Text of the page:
As far as third parties are concerned, a board of directors and a managing director are able to bind the company and enter into contracts on its behalf even if there are internal limits on their power to do so (e.g. in the company's articles of association or in internal policies and protocols). However, a legal act may be considered void as against the company if the company, under certain circumstances, shows that the third party realised or ought to have realised that authority had been exceeded.

Last modified 8 Feb 2021

As far as third parties are concerned, directors are able to bind the company and enter into contracts on its behalf even if there are internal limits on their power to do so (e.g. in the company's articles of association or in internal policies and protocols) and notwithstanding any defect that may afterwards be discovered in his or her appointment or qualification.

Normally, the company's articles of association give the directors wide powers to manage its business and affairs as they think fit (although the articles association may also retain certain actions for shareholder approval). Directors' powers are collective, meaning that directors should act together as a group on the company's behalf.

Last modified 1 Mar 2021

Onshore UAE

The authorities and powers of directors are predominantly set out in an LLCs memorandum of association and are determined by the shareholders. Where this is not defined in a memorandum of association, the common approach is to issue powers of attorney to directors to enable them to represent the company.  These powers of attorney should generally be notarized.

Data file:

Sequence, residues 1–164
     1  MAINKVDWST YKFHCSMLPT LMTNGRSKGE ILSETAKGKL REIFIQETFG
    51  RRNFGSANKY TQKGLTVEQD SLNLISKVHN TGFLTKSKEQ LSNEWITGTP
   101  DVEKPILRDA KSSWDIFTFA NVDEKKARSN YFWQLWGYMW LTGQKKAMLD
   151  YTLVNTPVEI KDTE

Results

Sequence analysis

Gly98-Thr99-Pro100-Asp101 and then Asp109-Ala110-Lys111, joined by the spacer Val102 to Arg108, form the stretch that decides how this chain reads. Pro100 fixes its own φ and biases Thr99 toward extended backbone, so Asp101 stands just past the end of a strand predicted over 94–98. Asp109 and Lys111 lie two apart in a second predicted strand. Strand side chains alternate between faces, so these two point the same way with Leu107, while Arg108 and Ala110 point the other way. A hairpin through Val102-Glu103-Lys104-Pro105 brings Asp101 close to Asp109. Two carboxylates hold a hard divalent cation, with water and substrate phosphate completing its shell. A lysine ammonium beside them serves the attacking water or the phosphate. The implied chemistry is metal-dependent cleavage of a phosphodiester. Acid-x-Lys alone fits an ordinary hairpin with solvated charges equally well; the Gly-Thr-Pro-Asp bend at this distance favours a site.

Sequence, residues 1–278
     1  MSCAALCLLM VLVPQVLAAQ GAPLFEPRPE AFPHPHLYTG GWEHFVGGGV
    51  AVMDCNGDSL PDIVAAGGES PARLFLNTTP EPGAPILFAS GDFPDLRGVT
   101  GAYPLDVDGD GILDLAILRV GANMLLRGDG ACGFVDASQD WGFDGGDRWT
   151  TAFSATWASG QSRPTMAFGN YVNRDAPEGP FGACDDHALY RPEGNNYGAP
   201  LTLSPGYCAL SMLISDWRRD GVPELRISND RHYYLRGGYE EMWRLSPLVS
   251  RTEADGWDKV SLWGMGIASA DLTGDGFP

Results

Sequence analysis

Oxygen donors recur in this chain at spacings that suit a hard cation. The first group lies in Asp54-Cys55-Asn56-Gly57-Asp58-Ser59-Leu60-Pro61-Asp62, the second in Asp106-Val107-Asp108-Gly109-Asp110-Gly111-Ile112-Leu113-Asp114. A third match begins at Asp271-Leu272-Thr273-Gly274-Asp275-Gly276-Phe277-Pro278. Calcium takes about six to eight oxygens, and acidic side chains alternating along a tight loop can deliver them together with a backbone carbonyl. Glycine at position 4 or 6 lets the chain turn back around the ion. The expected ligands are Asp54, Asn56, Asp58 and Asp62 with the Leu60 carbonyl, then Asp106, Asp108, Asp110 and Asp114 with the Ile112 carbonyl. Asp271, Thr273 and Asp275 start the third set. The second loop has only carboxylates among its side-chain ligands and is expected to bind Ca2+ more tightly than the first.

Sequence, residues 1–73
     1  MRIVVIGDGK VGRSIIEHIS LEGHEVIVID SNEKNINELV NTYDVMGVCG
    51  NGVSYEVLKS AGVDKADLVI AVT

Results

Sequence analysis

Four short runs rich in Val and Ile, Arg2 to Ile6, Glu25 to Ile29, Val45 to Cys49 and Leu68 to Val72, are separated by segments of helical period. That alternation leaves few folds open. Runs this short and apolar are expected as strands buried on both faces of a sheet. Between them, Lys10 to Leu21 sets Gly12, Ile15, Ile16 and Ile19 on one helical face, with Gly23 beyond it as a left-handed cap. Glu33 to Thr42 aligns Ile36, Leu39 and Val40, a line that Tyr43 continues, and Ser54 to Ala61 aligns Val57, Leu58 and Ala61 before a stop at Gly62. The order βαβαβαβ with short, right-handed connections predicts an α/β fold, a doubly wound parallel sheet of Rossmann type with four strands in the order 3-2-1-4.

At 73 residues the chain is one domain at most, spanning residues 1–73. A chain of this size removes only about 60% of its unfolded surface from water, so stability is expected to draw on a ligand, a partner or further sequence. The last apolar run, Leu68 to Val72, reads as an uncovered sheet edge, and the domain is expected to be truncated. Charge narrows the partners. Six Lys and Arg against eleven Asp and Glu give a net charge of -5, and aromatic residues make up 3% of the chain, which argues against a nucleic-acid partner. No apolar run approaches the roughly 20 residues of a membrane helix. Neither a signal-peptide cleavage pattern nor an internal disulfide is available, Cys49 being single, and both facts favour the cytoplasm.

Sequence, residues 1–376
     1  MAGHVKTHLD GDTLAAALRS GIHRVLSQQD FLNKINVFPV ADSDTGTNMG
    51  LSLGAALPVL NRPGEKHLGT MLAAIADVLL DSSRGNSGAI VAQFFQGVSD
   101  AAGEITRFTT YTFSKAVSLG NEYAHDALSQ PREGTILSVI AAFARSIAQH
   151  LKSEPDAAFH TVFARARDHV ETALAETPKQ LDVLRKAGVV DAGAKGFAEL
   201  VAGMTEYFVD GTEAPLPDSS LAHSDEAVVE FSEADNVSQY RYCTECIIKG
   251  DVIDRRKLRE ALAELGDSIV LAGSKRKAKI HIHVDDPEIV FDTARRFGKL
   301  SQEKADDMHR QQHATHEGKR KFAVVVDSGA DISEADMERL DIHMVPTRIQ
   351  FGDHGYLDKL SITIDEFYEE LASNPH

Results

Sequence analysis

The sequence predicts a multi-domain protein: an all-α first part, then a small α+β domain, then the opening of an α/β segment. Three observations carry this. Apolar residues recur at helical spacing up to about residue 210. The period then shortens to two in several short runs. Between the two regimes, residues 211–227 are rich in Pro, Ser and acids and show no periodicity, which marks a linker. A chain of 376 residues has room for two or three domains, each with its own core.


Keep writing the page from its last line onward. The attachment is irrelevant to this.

Dubai International Financial Centre

As far as third parties are concerned, directors are able to bind the company and enter into contracts on its behalf subject to internal limits on their power to do so (eg in the company's articles of association).

Normally, the company's articles of association gives the directors wide powers to manage its business and affairs as they think fit (although the articles may also provide that shareholders may give the board specific directions as to its conduct). Directors' powers are collective, meaning that directors should act together as a group on the company's behalf.